Bad news for the climate: Coal burning, and carbon emissions, are on the rise again
The increase came after three flat years for emissions, which had made observers hope that something had finally changed.
Reactor’s neighbours alarmed over radioactive toxics in Ottawa River
The dumping of radioactive matter and other contaminants into the Ottawa River from an inactive nuclear reactor northwest of the capital is causing concern among Indigenous communities, environmental groups and others who monitor toxic waste.
In age of super-commutes, activists want condos, not parks
As the forces of population growth and gentrification in the Bay Area continue to send lower- and middle-class residents to the outer suburbs or to different cities altogether, the ranks of super-commuters are growing. The lack of housing is also testing California’s environmental goals.
Electric Textile Lights a Lamp When Stretched
Working up a sweat from carrying a heavy load? That is when the textile works at its best. Researchers have developed a fabric that converts kinetic energy into electric …
Laser-Based System Offers Continuous Monitoring of Leaks from Oil and Gas Operations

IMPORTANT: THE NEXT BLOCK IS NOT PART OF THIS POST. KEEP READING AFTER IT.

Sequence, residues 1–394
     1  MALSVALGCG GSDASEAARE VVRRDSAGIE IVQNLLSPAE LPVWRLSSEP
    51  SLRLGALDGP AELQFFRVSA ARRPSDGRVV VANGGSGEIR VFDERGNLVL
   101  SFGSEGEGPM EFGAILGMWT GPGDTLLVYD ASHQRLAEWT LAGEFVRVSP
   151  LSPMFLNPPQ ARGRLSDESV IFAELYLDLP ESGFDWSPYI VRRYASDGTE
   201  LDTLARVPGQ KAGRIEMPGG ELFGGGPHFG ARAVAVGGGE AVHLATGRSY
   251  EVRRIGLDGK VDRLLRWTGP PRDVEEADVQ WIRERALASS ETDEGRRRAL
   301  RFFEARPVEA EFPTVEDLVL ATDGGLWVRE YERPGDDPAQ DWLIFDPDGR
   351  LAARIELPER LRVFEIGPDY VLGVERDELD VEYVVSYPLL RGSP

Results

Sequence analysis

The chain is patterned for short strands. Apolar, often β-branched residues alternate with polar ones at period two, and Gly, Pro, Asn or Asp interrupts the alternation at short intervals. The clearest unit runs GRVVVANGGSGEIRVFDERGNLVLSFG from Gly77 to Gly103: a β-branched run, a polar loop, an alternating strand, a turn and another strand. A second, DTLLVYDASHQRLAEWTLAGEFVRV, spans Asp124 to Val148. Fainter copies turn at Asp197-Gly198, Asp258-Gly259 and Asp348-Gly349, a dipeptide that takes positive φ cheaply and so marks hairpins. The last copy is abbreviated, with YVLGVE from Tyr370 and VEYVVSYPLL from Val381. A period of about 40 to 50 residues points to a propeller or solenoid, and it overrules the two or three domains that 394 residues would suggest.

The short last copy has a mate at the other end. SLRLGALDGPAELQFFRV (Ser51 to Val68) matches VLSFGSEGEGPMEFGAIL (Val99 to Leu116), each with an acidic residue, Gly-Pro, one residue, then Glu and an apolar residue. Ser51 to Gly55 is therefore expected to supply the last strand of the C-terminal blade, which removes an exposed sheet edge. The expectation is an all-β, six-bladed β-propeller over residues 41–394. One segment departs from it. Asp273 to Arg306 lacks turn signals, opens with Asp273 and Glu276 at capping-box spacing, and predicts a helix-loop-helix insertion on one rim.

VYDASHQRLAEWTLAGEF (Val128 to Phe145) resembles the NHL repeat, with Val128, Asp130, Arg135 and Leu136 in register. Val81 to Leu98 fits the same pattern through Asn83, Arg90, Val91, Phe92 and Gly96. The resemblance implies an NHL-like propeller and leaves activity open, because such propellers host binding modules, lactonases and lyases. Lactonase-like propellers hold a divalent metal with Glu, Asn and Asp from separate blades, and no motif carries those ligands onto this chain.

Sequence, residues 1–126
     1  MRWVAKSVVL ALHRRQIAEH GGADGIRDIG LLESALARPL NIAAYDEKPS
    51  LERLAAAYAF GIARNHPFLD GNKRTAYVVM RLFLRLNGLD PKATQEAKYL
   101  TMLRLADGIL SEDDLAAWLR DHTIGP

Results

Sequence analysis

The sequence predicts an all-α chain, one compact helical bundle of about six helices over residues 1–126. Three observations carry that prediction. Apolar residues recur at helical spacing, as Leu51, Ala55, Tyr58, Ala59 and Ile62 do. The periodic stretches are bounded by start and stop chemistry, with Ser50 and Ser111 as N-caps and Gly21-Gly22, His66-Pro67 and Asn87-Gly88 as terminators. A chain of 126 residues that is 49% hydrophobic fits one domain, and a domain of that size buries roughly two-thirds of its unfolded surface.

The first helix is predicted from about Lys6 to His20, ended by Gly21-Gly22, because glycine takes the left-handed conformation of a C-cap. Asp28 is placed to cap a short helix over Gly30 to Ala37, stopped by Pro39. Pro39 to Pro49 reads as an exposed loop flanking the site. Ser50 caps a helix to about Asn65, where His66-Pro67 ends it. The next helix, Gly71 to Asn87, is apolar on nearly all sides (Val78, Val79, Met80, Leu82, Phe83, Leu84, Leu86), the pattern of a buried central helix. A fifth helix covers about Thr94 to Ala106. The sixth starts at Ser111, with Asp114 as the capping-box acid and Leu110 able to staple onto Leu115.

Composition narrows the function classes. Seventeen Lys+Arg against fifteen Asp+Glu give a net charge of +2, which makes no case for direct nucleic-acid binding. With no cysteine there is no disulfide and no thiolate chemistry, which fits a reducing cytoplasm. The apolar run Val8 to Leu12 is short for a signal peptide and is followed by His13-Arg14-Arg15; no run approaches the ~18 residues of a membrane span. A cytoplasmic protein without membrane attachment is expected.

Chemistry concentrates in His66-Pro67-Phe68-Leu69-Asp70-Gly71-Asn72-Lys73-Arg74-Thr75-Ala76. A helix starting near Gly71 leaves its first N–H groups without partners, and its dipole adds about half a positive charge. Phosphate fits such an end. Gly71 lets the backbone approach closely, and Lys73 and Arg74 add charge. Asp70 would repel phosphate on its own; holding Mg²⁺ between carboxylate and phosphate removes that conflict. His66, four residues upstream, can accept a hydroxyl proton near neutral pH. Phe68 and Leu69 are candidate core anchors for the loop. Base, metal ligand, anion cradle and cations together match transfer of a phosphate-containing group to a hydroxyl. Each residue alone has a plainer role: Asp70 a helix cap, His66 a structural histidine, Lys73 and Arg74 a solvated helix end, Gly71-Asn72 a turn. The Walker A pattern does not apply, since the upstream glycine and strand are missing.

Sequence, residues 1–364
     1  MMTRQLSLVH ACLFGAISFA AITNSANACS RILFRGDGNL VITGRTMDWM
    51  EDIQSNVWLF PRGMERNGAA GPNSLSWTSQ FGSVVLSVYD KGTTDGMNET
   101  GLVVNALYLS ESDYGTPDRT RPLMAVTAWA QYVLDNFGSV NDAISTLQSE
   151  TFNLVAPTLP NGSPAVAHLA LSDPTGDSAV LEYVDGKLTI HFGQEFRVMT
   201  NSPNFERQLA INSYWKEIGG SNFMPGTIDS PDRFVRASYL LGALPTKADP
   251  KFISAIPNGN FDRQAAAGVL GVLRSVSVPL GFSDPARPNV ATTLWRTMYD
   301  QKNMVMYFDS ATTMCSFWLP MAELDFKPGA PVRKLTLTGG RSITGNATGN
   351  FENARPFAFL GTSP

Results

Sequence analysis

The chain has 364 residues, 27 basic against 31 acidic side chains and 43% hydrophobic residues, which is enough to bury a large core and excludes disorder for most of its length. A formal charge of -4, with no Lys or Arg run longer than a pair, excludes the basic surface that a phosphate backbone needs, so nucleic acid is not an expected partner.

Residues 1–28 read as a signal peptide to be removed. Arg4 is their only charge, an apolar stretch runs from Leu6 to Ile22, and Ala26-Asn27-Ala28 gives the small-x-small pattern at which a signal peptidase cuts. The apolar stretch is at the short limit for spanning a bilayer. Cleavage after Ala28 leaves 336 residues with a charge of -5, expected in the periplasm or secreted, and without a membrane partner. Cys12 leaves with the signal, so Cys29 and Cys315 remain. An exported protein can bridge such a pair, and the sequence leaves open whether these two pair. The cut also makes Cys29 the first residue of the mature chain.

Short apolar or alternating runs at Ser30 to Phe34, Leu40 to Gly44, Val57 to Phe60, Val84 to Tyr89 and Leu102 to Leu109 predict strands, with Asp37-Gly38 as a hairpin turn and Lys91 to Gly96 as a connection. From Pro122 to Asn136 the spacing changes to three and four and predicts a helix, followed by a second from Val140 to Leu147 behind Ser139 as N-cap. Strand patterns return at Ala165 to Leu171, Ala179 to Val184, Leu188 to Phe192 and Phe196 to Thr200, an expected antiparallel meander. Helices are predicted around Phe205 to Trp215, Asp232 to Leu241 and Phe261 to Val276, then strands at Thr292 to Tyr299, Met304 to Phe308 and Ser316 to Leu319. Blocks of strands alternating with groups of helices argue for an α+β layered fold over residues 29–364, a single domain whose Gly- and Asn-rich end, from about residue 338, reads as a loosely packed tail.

Researchers have conducted the first field tests for a new laser-based system that could one day be used to continuously …
Wood pellets: Renewable, but not carbon neutral
A return to firewood is bad for forests and the climate. So reports William Schlesinger, President Emeritus of the Cary Institute of Ecosystem Studies, in an Insights article published today in the journal Science.
In field tests, device harvests water from desert air
You really can extract clean drinking water right from the air, even in the driest of deserts, MIT researchers have found. They’ve demonstrated a real-world version of a water-harvesting system based on metal organic frameworks, or MOFs, that they first described last year.
Brazilian lawmakers funded by donors guilty of environmental crimes: Report